A final statement on nuclear weapons and a frightening future for foreign affairs

AMES, Iowa – President Obama’s trip to Hiroshima is not only significant because it is the first visit by a sitting American president, but for the point it makes about the proliferation of nuclear weapons, says an Iowa State University political science professor.

Richard Mansbach

“I think what the president is doing is much more in line with an objective he had set out early in his administration – a world in which there would be no nuclear weapons at all,” said Richard Mansbach, a scholar on U.S. foreign policy. “This trip is not about apologizing for what happened in 1945. It’s President Obama’s last commentary or signal regarding his goal of a nuclear-free world. One of the problems he’s confronted is that it can’t be done unilaterally.”  

The president has faced resistance at home from a Republican-controlled Senate and internationally as countries, such as North Korea, push to modernize their nuclear forces. To his credit, Obama’s administration negotiated deals with Russia to reduce its stockpile, and with Iran to limit further proliferation of its nuclear weapons, Mansbach said. However, that progress has Mansbach concerned about a new nuclear arms race – an issue he addresses in his new book, “Contemporary American Foreign Policy.”

“As a result of congressional pressure and because of exigencies from overseas, the U.S. has significantly upgraded American nuclear weapons, some of which I think are very dangerous,” Mansbach said. “I am concerned about a new nuclear arms race that in many ways could be more dangerous and would justify the possibility of additional countries getting nuclear weapons.”

Mansbach says the fact that these weapons exist increases the likelihood they’ll be used. Hiroshima is one of only two times nuclear bombs were used in warfare. It became taboo once the world saw the destruction, Mansbach said, but once that taboo is violated, others will follow suit. 

Frightening foreign affairs

Mansbach’s concerns also stem from comments made by the presumptive GOP presidential nominee suggesting that Japan and South Korea should have nuclear weapons. “That’s one of the most frightening suggestions that anyone could make in a foreign policy context,” Mansbach said.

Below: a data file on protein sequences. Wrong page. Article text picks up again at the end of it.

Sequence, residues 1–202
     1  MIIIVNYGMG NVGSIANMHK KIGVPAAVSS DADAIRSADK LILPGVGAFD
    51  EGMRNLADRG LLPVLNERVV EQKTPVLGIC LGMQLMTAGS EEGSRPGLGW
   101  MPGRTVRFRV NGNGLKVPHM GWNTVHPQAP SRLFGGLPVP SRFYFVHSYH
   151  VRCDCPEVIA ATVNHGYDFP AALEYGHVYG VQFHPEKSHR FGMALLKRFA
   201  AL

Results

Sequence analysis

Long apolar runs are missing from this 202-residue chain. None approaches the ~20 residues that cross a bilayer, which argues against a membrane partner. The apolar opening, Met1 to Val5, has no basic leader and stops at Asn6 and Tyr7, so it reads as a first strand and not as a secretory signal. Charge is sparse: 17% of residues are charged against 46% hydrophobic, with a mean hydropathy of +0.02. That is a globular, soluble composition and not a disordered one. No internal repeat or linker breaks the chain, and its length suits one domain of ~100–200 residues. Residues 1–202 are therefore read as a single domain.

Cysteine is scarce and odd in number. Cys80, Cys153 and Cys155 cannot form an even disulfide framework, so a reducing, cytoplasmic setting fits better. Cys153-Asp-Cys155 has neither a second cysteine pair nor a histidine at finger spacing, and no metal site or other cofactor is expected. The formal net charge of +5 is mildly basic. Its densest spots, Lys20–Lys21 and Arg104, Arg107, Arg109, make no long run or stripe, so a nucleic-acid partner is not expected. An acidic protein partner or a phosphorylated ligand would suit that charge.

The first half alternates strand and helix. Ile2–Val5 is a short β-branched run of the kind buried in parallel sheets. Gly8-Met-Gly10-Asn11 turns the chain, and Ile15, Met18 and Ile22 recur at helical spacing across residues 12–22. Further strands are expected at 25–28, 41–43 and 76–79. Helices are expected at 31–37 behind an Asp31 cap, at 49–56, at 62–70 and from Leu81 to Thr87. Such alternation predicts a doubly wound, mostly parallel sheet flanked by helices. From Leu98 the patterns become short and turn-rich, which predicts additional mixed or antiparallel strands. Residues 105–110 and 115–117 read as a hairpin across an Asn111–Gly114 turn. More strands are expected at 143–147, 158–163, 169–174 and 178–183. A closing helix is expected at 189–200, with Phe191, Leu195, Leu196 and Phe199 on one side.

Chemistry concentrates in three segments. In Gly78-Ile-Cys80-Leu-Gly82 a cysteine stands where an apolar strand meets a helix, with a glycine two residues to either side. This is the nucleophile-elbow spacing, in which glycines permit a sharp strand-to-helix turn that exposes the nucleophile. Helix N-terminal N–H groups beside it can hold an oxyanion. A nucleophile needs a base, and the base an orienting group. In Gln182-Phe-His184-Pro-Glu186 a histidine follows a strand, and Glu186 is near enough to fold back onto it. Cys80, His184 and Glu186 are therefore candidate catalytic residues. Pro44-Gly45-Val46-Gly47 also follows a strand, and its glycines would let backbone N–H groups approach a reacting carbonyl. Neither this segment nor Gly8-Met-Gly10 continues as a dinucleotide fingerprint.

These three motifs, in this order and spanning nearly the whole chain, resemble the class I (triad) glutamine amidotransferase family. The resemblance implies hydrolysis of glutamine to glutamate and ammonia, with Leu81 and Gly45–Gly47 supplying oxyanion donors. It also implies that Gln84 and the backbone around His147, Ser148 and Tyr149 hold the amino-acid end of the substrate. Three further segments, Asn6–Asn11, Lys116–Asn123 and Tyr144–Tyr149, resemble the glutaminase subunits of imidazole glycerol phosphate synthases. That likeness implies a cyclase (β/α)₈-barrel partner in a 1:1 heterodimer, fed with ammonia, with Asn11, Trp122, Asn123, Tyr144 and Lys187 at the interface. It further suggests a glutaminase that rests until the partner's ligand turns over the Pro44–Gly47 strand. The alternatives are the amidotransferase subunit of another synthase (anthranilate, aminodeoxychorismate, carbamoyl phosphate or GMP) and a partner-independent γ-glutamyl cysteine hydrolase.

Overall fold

This is just one of several foreign affairs issues the next president must address when he or she takes office. Mansbach also includes ISIS and the Middle East, European alliances, as well as China and the global economy on that list. Foreign affairs generally do not play a major role in elections, but Mansbach says voters need to realize it’s no longer possible to separate domestic policy from international affairs.

For example, a major campaign issue such as the economy is directly linked to immigration and trade issues. Mansbach says politicians are quick to make promises they know will resonate with some voters, while ignoring the consequences. The suggestion of raising tariffs on China or negotiating to reduce the amount the U.S. owes other countries are two such examples, which “illustrate a complete ignorance of the way economics work,” Mansbach said.   

“One of the characteristics of a globalized world is that the wall between domestic politics and international politics has virtually disappeared. Almost anything of significance domestically has almost instantaneous foreign impacts and vice versa,” Mansbach said. “Politicians like to see the world as two separate issues – foreign and domestic, but it doesn’t work like that. It’s all part of the same fabric, and if you start unwinding the fabric, the whole thing unravels.”